Figure 3. Several kinds of supervisory signals are introduced on the path ClickBuy. (a) The multiple paths for Buy, such as ImpressionClickCartBuy. (b) A digraph is used to describe the purchasing process, where the numbers above the lines represents the sparsity of different paths, respectively. (c) These supervisory signals are integrated into a unified node DAction. Here, DAction represents the union of Cart and Wish.

There exists multiple kinds of behaviour paths for Buy, such as Impression first, sequentially followed by Click, Cart and Buy, as shown in Figure 3(a). After analyzing our online real-world data, we use a digraph to describe the purchasing process as shown in Figure 3(b). First, some items are displayed to users. Then, when users click an item, they will always take some specific actions before buying it eventually. For example, 10% of them add the item into their carts (Add to Cart, short as Cart) so that they will buy it with other items together later (12% of them buy it eventually). 3.5% of them add the item into their wish lists (Add to Wish List, short as Wish) as if they like it but can not buy it instantly for some reasons, , can not afford it now or wait for promotion(31% of them buy it eventually). How do these sequential behaviours benefit the CVR prediction more accurately? One possible solution is to exhaust all possible disjoint behaviour paths, then use the intermediate supervisory signals within individual paths. However, 1) If we distinguish these behaviour paths thoroughly, it will further make the data on each individual path more sparse. 2) It is nearly impossible to exhaust all the behaviours paths due to the intricacy of user behaviours. 3) It is not straightforward to integrate the final prediction target, such as CVR, from individual paths.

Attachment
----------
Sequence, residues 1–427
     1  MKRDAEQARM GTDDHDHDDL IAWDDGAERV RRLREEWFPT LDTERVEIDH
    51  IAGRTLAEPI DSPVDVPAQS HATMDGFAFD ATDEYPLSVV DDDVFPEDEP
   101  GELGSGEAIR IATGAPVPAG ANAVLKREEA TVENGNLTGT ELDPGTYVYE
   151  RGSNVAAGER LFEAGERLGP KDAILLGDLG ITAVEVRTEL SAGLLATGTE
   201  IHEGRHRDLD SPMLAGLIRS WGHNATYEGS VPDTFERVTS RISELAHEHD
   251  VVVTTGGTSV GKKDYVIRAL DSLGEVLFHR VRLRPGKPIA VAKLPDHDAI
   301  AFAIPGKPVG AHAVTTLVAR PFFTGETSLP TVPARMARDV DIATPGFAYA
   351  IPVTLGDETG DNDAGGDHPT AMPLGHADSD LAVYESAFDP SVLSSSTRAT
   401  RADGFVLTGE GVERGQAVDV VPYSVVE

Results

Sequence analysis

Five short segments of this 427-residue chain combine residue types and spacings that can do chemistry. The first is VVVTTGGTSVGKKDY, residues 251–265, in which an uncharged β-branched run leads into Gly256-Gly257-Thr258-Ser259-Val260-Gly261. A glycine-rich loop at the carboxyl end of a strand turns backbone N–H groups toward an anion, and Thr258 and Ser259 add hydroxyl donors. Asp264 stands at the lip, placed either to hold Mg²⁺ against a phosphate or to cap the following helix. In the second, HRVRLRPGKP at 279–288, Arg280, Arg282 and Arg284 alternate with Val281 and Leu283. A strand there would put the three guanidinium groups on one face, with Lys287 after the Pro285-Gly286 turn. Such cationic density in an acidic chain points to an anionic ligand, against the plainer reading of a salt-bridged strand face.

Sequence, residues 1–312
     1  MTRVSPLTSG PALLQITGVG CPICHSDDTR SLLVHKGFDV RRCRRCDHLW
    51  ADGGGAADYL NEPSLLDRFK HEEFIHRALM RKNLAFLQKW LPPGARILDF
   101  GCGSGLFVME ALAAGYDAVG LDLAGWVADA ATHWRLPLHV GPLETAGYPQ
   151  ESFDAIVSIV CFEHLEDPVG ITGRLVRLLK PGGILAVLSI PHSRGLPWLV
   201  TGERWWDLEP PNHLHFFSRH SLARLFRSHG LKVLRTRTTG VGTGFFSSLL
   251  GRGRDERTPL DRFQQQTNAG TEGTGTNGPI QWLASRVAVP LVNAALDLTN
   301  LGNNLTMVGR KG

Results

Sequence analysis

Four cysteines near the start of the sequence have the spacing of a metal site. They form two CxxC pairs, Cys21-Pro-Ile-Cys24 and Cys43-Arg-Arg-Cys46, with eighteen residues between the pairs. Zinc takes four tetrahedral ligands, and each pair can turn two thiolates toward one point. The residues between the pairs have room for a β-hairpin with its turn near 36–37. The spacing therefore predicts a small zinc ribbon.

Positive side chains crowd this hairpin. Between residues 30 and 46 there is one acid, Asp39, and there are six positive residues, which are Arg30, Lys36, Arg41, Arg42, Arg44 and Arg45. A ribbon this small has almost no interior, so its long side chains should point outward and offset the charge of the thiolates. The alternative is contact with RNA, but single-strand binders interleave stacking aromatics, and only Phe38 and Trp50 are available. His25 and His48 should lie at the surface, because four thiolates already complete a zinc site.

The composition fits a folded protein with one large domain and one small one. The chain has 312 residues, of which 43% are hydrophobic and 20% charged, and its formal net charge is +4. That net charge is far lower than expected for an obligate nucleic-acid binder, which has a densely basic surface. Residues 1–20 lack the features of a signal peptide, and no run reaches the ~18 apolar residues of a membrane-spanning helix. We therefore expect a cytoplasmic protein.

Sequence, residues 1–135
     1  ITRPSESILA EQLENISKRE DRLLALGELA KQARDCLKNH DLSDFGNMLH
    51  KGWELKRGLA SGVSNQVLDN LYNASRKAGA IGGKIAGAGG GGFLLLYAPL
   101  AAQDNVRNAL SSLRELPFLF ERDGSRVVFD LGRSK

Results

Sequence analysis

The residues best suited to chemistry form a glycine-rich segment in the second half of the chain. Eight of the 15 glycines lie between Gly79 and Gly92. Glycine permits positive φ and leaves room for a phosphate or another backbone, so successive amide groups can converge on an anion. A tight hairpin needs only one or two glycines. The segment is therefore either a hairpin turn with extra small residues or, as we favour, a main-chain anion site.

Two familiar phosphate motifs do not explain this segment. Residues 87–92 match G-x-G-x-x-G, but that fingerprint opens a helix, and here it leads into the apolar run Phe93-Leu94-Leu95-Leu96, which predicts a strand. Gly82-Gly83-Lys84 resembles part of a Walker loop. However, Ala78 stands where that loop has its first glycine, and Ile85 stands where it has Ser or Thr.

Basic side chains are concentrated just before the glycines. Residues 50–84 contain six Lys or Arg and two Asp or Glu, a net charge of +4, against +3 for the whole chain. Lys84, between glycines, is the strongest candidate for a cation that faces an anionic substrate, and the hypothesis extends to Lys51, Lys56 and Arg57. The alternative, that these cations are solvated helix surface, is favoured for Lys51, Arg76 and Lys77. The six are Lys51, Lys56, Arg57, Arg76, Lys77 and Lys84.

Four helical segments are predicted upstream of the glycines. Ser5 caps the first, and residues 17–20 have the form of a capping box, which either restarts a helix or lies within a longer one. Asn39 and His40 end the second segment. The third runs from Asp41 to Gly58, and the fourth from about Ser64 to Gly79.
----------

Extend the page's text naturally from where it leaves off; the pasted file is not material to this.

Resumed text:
As shown in Figure 3(c), instead of treating these behaviour paths individually, we define a single node named Deterministic Action (DAction) to integrate specific actions, such as Cart or Wish. It can be seen that DAction has the following two properties: 1) It has deterministic supervisory signals, , 1 for taking some actions and 0 for none. 2) It further alleviates the DS problem due to integrating multiple kinds of actions, , 13% of the users take some specific actions after they click an item, and 9% of them eventually buy it (due to the overlapping of actions, the number is 13% instead of 13.5%). Therefore, we can use these abundant training samples on the intermediate paths of ClickDAction and DActionBuy to supervise the CVR model. We also add a node named Other Action(short as OAction) between Click and Buy to deal with other cases except DAction. In this way, the original path ImpressionClickBuy is changed to a more elaborated one ImpressionClickDAction/OActionBuy. We call the above idea as Post-Click Behaviour Decomposition and devise our CVR model accordingly. The detail will be presented as follows.

3.2. Probability Decomposition of Cvr

In this section, we present the probability decomposition of conversion rate according to the digraph defined in Figure 3(c).

First, the probability of post view click-through rate of an item , denoted as , is defined as the probability of being clicked given that it has been viewed, which depicts the path ImpressionClick in the digraph. Mathematically, it can be written as:


where denotes whether the item is being clicked, , is the label spaces of all the items being clicked or not, and is the number of items. Similarly, denotes whether the item is being viewed(, Impression), , is the label spaces of all the items being viewed or not. is a surrogate symbol for simplicity.

Then, the probability of click-through DAction conversion rate of an item , denoted as , is defined as the probability of being taken DAction given that it has been viewed, which depicts the path ImpressionClickDAction in the digraph. Mathematically, it can be written as:


where denotes whether the item is being taken some specific actions defined in Section 3.1, , is the label spaces of all the items being taken some specific actions or not. , depicting the path ClickDAction, is a surrogate symbol for simplicity as . It is trivial that since all the samples are impression samples (, ). It is noteworthy that Eq. (2) holds due to the fact that no action occurs without being clicked, , .